Colombia’s northernmost point, Guajira Peninsula has a hostile desert climate that has kept it largely isolated since colonial times. As a result it’s one of those special places where independent travellers can still feel as if they’re leaving fresh tracks. Some 240km long and no more than 50km wide, the barren peninsula is empty except for the semi-nomadic Wayuu, a beguiling mix of desert and sea, a smugglers’ haven that English pirates once tried to conquer. More challenging to explore than the rest of the Caribbean coast, the Guajira Peninsula rewards those who make the effort with the end-of-the-world feel of Cabo de la Vela and Punta Gallinas. Cabo de la Vela is a remote Wayuu fishing village, 180km northwest of Riohacha, the capital of the Guajira Peninsula that in itself is 175km northeast of Santa Marta. On the journey to Cabo you pass through a landscape of sand, baked mud huts of the Wayuu and goats grazing under the sparse shade of the acacia trees.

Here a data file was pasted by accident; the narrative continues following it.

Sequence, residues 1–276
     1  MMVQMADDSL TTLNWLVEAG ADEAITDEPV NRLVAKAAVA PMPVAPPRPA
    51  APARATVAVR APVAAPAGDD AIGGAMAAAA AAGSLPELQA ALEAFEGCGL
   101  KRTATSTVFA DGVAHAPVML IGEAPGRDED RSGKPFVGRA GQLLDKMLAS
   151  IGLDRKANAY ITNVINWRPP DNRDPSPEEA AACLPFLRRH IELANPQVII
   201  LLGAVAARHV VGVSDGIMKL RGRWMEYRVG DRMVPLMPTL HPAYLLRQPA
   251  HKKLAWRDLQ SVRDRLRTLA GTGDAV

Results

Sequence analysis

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Cabo de la Vela
Cabo de la Vela
A dusty one-street settlement strung out along an aquamarine bay, CABO DE LA VELA’s main draw is the spectacular landscape: a long sliver of beach, rocky cliffs and cactus-studded arid plains. In December and January the village is inundated with holidaying Colombians, but the rest of the year it’s a tranquil spot for sunset viewing, particularly from the westernmost hill at the far end of the bay, El Faro, kitesurfing and lazing on the sand.
If Cabo is insufficiently remote, then perhaps Punta Gallinas will suffice. Consisting of a turquoise bay fringed by what is perhaps Colombia’s most beautiful beach, home to a large colony of pink flamingos and around sixty Wayuu, Colombia’s northernmost tip is only reachable by organized tour. Contact Kaí Ecotravel in Riohacha (311 436 2830, www.kaiecotravel.com), a reputable operator that also runs trips to Cabo.